Cops Off Campus

Students protest police violence in “Cops off Campus” demonstration

By Sophie Donszelmann, News Editor

OVER ONE THOUSAND took part in the “Cops Off Campus” protest on December 11 2013 as students and members of the public filled the streets of Bloomsbury to protest police violence against students and to promote the rights of university students and workers nationwide. The demonstration was a response to the arrests of 34 students and two journalists in the clashing of police and protestors a week prior.

“Defend the Right to Protest”, a campaign against police violence, summarised the aims under which the movement was organising: “defend protesters against police violence and criminalization. Support the right to organise, strike and demonstrate. No to student suspensions. No to injunctions on protests and occupations on campus.”

The procession of over one thousand moved away from the ULU Bloomsbury campus, down South Hampton Row, Kingsway (passing the LSE campus) and terminated in front of the Royal Courts of Justice, where the Mark Duggan inquiry is being held. Riot vans arrived on the Strand, however police did not exit the vehicles.

The demonstration began around midday outside of the University of London Union (ULU) as a large crowd gathered. Representatives from the National Union of Students (NUS) and National Campaign Against Fees and Cuts (NCAFC) were distributing flyers listing individual’s legal rights in a stop and search process. “You are not immune from police violence,” a NCAFC member said. “They will try to get you.”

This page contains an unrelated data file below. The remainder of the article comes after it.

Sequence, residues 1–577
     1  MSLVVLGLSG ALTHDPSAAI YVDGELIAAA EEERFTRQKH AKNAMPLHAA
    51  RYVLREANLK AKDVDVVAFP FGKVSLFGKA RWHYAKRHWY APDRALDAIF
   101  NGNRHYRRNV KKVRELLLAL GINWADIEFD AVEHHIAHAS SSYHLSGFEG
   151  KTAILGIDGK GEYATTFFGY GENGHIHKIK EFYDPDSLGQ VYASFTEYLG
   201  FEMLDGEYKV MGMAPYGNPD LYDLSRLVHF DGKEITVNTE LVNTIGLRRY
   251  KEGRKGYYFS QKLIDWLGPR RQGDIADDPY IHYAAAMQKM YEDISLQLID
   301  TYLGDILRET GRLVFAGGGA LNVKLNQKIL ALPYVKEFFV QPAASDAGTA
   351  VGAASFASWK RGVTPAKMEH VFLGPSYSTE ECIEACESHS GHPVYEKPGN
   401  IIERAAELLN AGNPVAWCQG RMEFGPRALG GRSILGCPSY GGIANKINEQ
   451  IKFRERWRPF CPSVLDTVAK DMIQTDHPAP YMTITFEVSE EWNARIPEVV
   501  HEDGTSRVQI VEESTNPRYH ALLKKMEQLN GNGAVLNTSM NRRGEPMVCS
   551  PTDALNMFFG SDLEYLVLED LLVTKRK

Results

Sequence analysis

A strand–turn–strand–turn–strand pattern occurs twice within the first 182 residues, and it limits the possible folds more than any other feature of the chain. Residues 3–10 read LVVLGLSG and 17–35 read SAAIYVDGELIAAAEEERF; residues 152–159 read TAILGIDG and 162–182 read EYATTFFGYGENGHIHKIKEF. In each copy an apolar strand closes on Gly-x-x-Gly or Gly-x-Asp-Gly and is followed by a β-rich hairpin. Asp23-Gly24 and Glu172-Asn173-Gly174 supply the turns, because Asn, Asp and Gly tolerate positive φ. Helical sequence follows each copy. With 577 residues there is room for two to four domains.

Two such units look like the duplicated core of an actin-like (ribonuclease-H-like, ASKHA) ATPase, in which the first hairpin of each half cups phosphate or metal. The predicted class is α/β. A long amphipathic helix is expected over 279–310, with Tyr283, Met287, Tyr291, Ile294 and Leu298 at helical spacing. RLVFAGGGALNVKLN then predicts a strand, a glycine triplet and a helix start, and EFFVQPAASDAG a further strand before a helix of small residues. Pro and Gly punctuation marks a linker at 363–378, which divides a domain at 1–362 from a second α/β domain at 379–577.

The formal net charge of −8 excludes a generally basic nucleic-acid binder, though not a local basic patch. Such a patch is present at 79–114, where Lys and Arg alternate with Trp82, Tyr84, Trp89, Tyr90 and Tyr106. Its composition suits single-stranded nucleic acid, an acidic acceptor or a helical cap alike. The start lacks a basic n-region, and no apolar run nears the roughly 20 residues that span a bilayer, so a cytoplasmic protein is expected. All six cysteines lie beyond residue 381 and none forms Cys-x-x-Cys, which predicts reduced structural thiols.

The demonstration was largely peaceful. Students walked with signs and the sound of steel drums mixed with chants of ‘No justice, no peace. Fuck the police; Democracy not profits; Whose campus? Our campus.’ Sabbatical Officers from the University of Bristol Students’ Union held posters: “all I want for Christmas is the right to protest.”

In an interview with The Beaver, Rachel Wenstone, Vice President of Education for the NUS, said the “behaviour from the police and the criminalization of students is a worrying trend and it is something we should be opposing hard.” The NUS publically condemned the violence against students and called for Boris Johnson to launch an inquiry into police behaviour and tactics; a step that the mayor confirmed he would undertake in his speech at LSE in the same week.

A press conference was held prior to the protest, which representatives from Birmingham Defend Education, London Campaign Against Police and State Violence, ULU, 3Cosas and UNISON. Panelists related personal experiences regarding the actions taken against them and other protestors by “paternalistic university management” and local police authorities. Some of these actions included being arrested, kettled, or suspended from their institutions through acts that were labelled as a “concerted attack on student mobilizations for simply standing up and demanding more democracy.” “Victimised,” “bullied,” and “targeted,” were words frequently mentioned by all the speakers. ULU President and Press Secretary for NCAFC, Michael Chessum, was charged with failure to notify local authorities of early demonstrations. Unsurprisingly, members of the panel were adamant that they were not the organisers of the day’s protest. “All we know is that it starts outside this building.

A small proportion of protesters acted disruptively while concealing their faces and sporting anarchist flags smashed windows in Senate House and set a garbage can on fire; photos of which later emerged on national media. However, the relative lack of disruption led many to be pleased with the results of the day. “We peacefully protested and had our voices heard,” a student told The Beaver over loud chants of ‘cuts and job losses means money for the bosses.’ “Its great” she said. “We’ve won.”

Photo courtesy of Dennis Mooney

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